IDOT in 2020: Rebuilding Illinois, Improving Safety, Keeping People And Resources Moving During Pandemic

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SPRINGFIELD — The Illinois Department of Transportation, under the leadership of Gov. JB Pritzker and Acting Illinois Transportation Secretary Omer Osman, met the challenges of COVID-19 in 2020, ensuring infrastructure stayed open and safe, keeping projects on schedule and delivering the first full year of the historic Rebuild Illinois capital program.

“This year tested our agency like no other in our history,” Osman said. “I’m extremely proud of the role IDOT played during this pandemic to keep Illinois safe in 2020. Despite the challenges, the work we accomplished this past year will have a positive impact for generations to come.”

Passed in 2019, Rebuild Illinois made possible approximately $2.8 billion in improvements to 1,706 miles of highway and 128 bridges, as well as 228 additional safety improvements, in the 2020 fiscal year, the first full year of the bipartisan capital program.

Throughout the state, IDOT was instrumental in the response to the pandemic while meeting the challenges of keeping infrastructure open and projects moving. Even with these obstacles, IDOT kept the construction season on schedule without interruption. The year also brought new commitment to investing in underserved communities and strengthening multimodal connections in a state that serves as the country’s transportation hub.

Pandemic response
At the governor’s direction, IDOT remained open for business throughout the pandemic, with a special focus on the critical mission of maintaining a safe, reliable system of transportation for Illinois. Roads and bridges stayed open. Maintenance and operations staff remained on duty. Projects stayed on course, sustaining jobs and the local economy in many communities.

Rest areas, as usual, were open 24/7, doing their part to keep the nation’s supply chain moving. Volunteer events were held at weigh stations to serve free boxed lunches to truckers to show the public’s appreciation.

Operations personnel across the state delivered over 2,700 pallets and packages of vital Personal Protective Equipment, which went to healthcare facilities, emergency management agencies, testing sites, veterans’ homes, hospitals and other state agencies in the fight against COVID-19.

Highway and bridge improvements
During the 2020 calendar year, IDOT completed more than 600 highway projects, ranging from minor resurfacings to interstate and bridge reconstructions.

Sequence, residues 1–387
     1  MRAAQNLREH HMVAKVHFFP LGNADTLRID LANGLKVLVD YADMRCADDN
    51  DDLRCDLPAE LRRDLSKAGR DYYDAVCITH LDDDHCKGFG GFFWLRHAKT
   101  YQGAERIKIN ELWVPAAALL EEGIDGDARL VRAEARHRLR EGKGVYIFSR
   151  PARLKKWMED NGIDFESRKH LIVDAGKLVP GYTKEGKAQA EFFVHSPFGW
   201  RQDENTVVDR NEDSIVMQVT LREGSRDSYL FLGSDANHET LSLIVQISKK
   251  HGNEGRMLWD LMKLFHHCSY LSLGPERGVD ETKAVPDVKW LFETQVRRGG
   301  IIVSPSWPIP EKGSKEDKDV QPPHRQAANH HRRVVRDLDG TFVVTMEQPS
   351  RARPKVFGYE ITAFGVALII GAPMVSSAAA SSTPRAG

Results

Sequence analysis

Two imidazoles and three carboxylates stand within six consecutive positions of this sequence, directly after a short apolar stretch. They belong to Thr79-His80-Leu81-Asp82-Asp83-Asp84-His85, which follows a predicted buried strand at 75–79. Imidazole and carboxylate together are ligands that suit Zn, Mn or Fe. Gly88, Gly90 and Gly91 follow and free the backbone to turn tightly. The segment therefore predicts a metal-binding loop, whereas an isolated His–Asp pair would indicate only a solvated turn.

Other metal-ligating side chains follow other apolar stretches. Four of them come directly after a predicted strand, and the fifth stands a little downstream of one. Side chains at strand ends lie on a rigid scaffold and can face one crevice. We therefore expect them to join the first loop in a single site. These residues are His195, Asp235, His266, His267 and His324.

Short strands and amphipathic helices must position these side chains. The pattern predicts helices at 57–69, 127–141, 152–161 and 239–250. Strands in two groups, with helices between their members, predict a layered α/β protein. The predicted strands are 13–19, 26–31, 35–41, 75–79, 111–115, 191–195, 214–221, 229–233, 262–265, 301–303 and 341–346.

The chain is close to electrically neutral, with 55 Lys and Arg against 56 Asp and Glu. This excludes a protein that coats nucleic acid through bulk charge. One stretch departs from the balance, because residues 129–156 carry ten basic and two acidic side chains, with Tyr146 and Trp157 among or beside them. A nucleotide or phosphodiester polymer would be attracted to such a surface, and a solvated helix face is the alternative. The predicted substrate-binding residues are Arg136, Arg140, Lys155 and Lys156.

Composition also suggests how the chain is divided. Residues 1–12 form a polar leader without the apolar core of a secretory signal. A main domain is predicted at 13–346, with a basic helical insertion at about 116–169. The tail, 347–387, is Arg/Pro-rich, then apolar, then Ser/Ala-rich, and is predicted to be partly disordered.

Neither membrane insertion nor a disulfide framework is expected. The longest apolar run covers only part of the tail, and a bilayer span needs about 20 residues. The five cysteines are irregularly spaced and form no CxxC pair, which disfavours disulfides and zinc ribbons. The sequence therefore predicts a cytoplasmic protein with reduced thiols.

A 7-mile stretch of Interstate 255 in the Metro East, one of the worst roads in the state, was rehabilitated and completed nearly a month ahead of schedule. The $67 million project, one of the first under Rebuild Illinois, was completed cheaper, faster and safer by closing the work zone to all traffic for one construction season. In the fall, the department broke ground on the Delhi Bypass and the expansion of U.S. 67 to four lanes in Jersey County.

A $42 million investment upgraded the Murray Baker Bridge in Peoria, another project that saved time and money by diverting traffic and condensing the construction schedule to one year.

In Southern Illinois, more than 5 miles of Interstate 57 were expanded to six lanes between Johnston City and West Frankfort, the latest phase in a multiyear effort to improve safety and capacity along a crucial corridor.

Construction started in July to replace the U.S. 150 bridge over I-57 and the Mattis Avenue bridges over I-57 and I-74, advance projects leading to next year’s start of the I-57/74 interchange reconstruction in Champaign-Urbana. A cornerstone of Rebuild Illinois, the I-57/74 project will remake a critical freight juncture that accommodates almost 40,000 vehicles a day.

The $27.4 million Illinois 178 bridge over the Illinois River in Utica was completed, providing a new gateway with dedicated bike and pedestrian access to Starved Rock and Matthiessen state parks.

A rebuilt 8-mile section of I-70 between Altamont and Effingham opened in the fall.

In the Rockford area, completed projects included a $20 million resurfacing of Interstate 39 from Baxter Road to Harrison Avenue, along with U.S. 20 from just west of Alpine Road to I-39. The U.S. 20-Illinois 2 interchange was reconfigured to a signalized diamond interchange with various other safety improvements.